First Principles Modeling of Metal Nanoislands on Metal Substrates
Recently, we explored geometric, energetic, and electronic properties of metal-supported Pd and Pt clusters employing small triangular model species (3, 4). Such small clusters are far from realistic metal-supported metal nanoparticles that feature diameters of a few nanometers (1). Yet, comparison of Au- and Cu-supported Pt3 and Pd3 clusters with the corresponding monoatomic overlayers brought insights into the electronic properties of larger metal-supported planar metal clusters, i.e., monolayer nanoislands. We found the d-band centers, relative to the Fermi energy, of Au-supported Pt3 and Pd3 clusters to be similar to those of the corresponding overlayers. In contrast, the d-band centers of the same clusters on Cu are ~1 eV closer to the Fermi energy than those of the corresponding overlayers (3). The difference arises from a compensation of counteracting effects in Au-supported Pt3 and Pd3clusters and the corresponding overlayers: lateral interactions (intra-layer coordination) vs. strain due to the support (3). These effects result in downward and upward shifts, respectively, of the d-band centers of monolayer nanoislands on Au surfaces as the size of the islands increases. For similar systems on Cu, both lateral interactions and compressive strain effects shift the d-band centers of nanoislands downward only (3).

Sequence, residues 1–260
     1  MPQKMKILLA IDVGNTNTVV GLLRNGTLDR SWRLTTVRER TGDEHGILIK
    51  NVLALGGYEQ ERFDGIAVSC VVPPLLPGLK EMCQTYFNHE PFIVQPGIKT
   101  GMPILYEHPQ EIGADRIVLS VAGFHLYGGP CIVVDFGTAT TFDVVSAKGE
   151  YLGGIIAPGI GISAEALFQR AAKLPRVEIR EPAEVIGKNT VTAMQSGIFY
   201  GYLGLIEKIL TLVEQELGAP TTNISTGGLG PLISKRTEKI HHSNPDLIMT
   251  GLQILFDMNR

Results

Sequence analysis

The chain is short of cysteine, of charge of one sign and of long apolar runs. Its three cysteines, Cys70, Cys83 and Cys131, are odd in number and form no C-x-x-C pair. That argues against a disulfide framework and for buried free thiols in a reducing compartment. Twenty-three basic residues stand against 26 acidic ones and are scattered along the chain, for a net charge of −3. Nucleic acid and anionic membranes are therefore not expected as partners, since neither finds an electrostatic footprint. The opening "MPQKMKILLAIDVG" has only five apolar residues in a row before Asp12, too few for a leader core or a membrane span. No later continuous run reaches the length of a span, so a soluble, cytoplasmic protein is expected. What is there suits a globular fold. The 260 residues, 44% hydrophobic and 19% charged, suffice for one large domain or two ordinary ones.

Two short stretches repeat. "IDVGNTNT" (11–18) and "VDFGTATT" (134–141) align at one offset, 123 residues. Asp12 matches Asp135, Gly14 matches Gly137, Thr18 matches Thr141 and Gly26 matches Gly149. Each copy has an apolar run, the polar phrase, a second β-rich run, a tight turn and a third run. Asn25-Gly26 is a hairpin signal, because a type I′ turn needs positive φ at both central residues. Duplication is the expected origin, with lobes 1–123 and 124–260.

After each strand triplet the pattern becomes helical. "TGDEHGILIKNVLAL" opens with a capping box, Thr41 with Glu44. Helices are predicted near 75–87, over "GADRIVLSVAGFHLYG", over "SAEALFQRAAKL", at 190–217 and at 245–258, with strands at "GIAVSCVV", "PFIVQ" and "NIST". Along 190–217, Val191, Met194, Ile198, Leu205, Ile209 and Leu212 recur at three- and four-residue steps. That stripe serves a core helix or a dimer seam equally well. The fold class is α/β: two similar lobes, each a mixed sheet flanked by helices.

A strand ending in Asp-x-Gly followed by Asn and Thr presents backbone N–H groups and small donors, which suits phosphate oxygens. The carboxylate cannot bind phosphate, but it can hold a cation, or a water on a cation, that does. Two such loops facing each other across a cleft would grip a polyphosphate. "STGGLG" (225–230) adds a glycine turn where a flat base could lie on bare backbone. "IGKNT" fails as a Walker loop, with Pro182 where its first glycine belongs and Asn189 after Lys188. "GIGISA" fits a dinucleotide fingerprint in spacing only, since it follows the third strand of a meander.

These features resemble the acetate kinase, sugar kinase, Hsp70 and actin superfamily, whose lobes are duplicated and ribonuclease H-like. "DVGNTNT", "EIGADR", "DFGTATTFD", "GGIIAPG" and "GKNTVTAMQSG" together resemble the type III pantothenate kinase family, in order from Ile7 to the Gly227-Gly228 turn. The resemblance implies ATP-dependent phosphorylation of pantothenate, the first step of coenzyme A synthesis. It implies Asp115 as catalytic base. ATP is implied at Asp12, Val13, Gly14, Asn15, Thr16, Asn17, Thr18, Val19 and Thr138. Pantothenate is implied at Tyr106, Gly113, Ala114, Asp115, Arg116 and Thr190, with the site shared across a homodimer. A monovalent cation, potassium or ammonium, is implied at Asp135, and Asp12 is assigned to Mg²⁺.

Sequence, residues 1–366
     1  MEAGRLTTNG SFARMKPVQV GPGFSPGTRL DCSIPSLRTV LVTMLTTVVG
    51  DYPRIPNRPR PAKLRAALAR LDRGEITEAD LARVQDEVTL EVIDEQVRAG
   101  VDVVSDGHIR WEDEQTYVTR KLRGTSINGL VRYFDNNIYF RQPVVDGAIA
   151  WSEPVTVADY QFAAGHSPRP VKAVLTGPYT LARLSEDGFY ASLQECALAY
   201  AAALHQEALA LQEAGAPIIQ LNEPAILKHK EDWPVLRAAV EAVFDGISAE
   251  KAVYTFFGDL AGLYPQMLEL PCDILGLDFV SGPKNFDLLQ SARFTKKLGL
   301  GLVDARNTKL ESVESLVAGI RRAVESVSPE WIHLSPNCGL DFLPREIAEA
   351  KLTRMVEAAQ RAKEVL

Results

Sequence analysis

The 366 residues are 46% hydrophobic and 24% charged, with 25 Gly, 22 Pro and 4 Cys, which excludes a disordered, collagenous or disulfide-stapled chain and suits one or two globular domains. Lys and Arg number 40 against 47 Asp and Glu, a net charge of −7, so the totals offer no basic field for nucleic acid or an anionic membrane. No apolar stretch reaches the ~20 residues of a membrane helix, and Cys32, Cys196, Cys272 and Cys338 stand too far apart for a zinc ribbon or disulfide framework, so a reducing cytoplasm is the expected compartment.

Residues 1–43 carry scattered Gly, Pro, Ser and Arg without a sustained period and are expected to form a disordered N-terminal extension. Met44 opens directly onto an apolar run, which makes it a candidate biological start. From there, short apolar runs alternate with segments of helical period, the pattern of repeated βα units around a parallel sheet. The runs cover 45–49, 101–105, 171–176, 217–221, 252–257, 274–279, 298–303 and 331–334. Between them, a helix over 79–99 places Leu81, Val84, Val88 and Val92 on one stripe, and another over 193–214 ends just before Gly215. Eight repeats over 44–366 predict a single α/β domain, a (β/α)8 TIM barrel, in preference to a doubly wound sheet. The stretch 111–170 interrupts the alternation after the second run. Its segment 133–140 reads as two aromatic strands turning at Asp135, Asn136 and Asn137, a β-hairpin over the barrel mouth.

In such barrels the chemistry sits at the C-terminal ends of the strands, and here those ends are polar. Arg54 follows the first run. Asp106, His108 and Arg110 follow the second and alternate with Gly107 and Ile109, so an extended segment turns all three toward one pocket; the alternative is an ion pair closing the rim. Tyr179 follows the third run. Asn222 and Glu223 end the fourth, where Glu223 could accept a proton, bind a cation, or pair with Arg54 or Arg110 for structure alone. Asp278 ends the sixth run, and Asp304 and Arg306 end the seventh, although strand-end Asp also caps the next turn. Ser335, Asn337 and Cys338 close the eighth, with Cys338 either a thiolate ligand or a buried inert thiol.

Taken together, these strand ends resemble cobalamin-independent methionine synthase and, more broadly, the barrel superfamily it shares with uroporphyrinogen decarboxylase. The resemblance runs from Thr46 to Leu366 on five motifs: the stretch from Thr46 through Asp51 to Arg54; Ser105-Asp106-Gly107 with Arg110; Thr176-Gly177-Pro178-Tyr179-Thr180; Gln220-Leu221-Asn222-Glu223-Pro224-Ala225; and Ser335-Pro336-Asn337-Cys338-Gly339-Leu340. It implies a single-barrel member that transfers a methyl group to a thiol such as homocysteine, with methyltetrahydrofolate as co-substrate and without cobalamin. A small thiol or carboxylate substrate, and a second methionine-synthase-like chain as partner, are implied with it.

We have extended our calculations to study nanoislands of hexagonal shape and nanoscale diameters (Figure 1). We systematically explore how geometric and energetic properties of these systems behave as function of size. The results will help, on the one hand, in rationalizing the observed high reactivity of metal-supported metal nanoparticles, and on the other hand, in assessing the accuracy of full overlayers as models of supported nanoparticles.
Acknowledgments. J.A.S. work was supported by a research fellowship of the Alexander von Humboldt Foundation and in part by the U.S. Department of Energy, Basic Energy Sciences, Materials Sciences and Engineering Division.
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